In 'How to meet your nutritional requirements on a vegan diet? Pt 1', i spoke about the three macronutrients, their equal importance and how to include the healthiest sources on a plant-based diet. Now that we have a good understanding of macronutrients and the role that they play in our bodies I think its time to discuss fibre and micronutrients!
Fibre is the true hero of our gastrointestinal system, and it really does not get enough recognition for the vital importance it plays in our overall health and well-being! Fibre is a component of most whole food carbohydrates that is resistant to being broken down by stomach enzymes “ roughage ”. I’m going to throw out a little warning here, we are about to talk about bowel habits, it's totally fine though because I’m going to refer to them in the utmost medical terminology. However, just in case you have a weak stomach, and you're digging into a delicious coconut bowl I thought I would pre-warn you! You see, fibre is responsible for a multitude of functions within the body, largely it is important to keep you going to the toilet regularly (waste excretion), we certainly don’t want waste sitting in our bodies for an extended period of time. Fibre assists this process in two ways, by bulking up your stool to keep it moving quickly through your intestines, as well as assisting your stool to soak up water to soften it and make it an easy and timeless process to pass.
Fibre is a large a contributor to healthy gut bacteria as well as a great tool to lose or regulate body weight and maintain cholesterol levels. Fibre can actually assist in lowering your bad cholesterol levels by interfering with the absorption process and encouraging bad cholesterol to be reduced in the bloodstream! I saved the best for last! You know how people are always scared of carbohydrates because they are quickly digested and can cause spikes in your blood sugar? Well, this is where sneaky fibre comes to the rescue very modestly again. When you eat WHOLEFOOD carbohydrates they typically contain fibre. Some processed carbohydrates do as well, it just depends on the processing and product. Additionally, plenty of processed food will also add fibre content in, so check your labels. Fibre slows down the digestion process of carbohydrates due to its inability to be broken down by our stomach enzymes. Therefore, this results in a steady release of glucose from the carbohydrates meaning no blood sugar spikes and sustained energy. So as you can now see, fibre is super important! Healthy men should aim for the consumption of above 30 grams of fibre daily and healthy women above 25 grams per day.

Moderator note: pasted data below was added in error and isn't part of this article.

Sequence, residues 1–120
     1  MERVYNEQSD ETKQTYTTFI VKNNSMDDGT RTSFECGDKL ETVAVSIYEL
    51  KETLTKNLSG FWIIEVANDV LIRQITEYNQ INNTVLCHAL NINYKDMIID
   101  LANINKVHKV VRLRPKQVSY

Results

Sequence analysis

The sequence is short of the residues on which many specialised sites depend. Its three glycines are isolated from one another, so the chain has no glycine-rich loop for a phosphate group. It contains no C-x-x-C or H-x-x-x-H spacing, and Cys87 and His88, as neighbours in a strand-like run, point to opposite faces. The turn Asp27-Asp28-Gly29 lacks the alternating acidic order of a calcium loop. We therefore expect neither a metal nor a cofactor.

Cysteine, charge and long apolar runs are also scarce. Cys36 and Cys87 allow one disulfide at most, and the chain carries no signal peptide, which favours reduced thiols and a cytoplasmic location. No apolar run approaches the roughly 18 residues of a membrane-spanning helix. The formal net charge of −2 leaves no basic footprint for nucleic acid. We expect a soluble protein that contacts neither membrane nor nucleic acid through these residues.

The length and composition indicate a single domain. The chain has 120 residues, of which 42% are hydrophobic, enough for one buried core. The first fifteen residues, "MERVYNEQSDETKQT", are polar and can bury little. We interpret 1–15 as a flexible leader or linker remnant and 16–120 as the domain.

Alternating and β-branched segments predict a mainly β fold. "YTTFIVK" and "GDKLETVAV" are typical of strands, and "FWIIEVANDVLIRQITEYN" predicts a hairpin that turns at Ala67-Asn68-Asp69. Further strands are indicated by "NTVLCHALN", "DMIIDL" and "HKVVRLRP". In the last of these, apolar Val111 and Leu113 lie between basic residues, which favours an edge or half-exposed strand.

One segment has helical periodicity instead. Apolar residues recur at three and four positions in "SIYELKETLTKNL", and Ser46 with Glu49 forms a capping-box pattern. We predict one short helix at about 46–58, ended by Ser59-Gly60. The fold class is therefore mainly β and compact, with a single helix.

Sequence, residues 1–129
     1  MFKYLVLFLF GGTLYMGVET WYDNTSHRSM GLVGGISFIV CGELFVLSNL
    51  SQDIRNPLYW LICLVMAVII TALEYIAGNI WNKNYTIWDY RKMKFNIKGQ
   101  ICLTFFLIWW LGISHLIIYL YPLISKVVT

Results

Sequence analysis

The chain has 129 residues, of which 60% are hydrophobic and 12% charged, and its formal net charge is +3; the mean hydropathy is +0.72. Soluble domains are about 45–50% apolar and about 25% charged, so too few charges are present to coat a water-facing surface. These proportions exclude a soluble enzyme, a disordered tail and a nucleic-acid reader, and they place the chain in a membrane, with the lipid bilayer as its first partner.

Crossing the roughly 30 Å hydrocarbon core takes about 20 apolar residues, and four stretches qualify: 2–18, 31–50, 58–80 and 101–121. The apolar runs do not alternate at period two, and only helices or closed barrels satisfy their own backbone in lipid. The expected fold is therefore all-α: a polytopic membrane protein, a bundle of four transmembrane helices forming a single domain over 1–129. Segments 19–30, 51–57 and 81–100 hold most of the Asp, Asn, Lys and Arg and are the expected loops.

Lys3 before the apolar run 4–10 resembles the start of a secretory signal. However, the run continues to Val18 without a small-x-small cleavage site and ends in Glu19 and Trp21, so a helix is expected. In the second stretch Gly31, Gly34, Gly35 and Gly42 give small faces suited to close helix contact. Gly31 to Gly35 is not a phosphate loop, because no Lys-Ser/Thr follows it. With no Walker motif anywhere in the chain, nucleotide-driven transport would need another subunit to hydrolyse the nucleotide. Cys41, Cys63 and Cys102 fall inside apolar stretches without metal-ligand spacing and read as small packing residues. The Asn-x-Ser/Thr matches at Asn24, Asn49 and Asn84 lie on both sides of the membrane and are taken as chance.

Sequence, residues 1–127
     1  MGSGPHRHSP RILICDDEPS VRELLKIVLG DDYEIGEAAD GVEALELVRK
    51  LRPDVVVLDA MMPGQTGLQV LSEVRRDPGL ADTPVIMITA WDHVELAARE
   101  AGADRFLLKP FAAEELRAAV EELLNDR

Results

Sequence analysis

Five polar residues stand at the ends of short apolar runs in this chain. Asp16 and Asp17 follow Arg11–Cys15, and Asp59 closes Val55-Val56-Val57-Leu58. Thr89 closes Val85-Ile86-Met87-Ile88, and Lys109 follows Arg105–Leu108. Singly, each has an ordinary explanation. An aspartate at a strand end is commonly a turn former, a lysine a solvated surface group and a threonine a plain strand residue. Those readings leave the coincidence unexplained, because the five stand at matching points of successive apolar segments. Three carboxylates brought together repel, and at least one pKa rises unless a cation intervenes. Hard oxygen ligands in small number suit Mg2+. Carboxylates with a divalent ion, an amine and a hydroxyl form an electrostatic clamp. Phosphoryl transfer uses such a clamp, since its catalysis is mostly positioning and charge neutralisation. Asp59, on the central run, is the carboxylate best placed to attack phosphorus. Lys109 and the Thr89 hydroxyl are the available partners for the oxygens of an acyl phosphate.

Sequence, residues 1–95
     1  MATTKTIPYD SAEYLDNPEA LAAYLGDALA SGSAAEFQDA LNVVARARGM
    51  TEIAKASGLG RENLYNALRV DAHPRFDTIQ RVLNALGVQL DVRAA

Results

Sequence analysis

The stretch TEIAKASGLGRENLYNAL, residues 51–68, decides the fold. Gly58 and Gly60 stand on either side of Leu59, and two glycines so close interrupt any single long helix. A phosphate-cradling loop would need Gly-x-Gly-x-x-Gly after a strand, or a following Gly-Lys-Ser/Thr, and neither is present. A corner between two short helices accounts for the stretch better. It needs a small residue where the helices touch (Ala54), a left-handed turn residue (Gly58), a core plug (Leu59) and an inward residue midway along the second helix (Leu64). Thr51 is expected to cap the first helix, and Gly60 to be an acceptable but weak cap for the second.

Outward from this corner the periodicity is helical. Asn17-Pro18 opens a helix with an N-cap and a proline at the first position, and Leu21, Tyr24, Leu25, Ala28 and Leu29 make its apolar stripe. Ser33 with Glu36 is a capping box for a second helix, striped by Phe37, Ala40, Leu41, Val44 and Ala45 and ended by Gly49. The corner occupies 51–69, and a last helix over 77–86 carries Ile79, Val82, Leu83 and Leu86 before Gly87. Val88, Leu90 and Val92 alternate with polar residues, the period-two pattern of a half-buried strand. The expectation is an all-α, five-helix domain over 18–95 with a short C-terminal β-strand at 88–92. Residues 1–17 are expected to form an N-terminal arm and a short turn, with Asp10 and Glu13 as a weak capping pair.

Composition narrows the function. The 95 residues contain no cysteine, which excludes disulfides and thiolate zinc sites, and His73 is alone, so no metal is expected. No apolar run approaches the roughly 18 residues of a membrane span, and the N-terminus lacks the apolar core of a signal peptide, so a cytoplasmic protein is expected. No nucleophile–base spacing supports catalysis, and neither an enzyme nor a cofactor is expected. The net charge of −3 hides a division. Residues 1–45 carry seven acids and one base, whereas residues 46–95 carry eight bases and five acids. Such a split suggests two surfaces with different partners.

Next, let's touch on micronutrients which are vitamins and minerals required in trace amounts in the diet for the normal growth and physiological function of our bodies. For the sake of keeping this blog to a timely word limit, I’m going to keep this pretty brief, however, rest assured because in a few blogs time we will cover common micronutrient deficiencies such as iron, calcium and zinc and how to overcome them. Most of you would have heard of the term “eating the rainbow”, well there is a method behind this madness. Most different coloured fruits and vegetables contain an array of different vitamins and minerals. Consuming variety is key and this usually results in an adequate amount of micronutrients, allowing your body to meet requirements. The most important Vitamin for me to mention until we cover more is Vitamin B12, this is a vitamin on a plant-based diet that needs to be supplemented by EVERYONE. We will talk more about this but for the meantime, if you haven’t already, be sure to supplement it, I recommend Methylcobalamin spray.
Now that we have a pretty good understanding of how and where to get our macronutrients, micronutrients and fibre from let's talk about meals and coconut bowling up the perfect balance.
Breakfast: Include good carbohydrate sources such as fruits, whole grains and vegetables. Fats such as avocado, seeds, nuts or nut butter - my personal favourite at the moment is to have granola full of whole grains and seeds and top with a dollop of nut butter!! Great protein sources to include are seeds like buckwheat and hemp seeds or tempeh, tofu, legumes and beans.
Lunch and dinner: Include good carbohydrate sources such as free vegetables and starchy and whole grains such as rice and quinoa. Fats such as avocado, and seeds, I make a lot of sauces with avocado or tahini, a delicious way to incorporate fats! Great protein sources to include are again tempeh, tofu, legumes and beans.
If you haven’t already, download the free 5-day meal guide (find it in a pop up window on our homepage), it has perfect examples of healthy macronutrient and micronutrient balanced meals! Stay tuned for the next blog post because I will be answering some of the most frequently asked nutritional questions asked by you! Keep an eye out on the @coconutbowls story where I will be asking you to send in your questions!!
Jacinta Sultana is an Accredited Practicing Dietitian that specialises in Vegan Nutrition. She contributed a comprehensive plant-based nutrition guide to our hardcover cookbook Vegan Bowls for Vegan Souls and developed a 5-day Vegan Meal Guide for our coco community. Follow her inspiring and educational Instagram page @jacinta_sultana.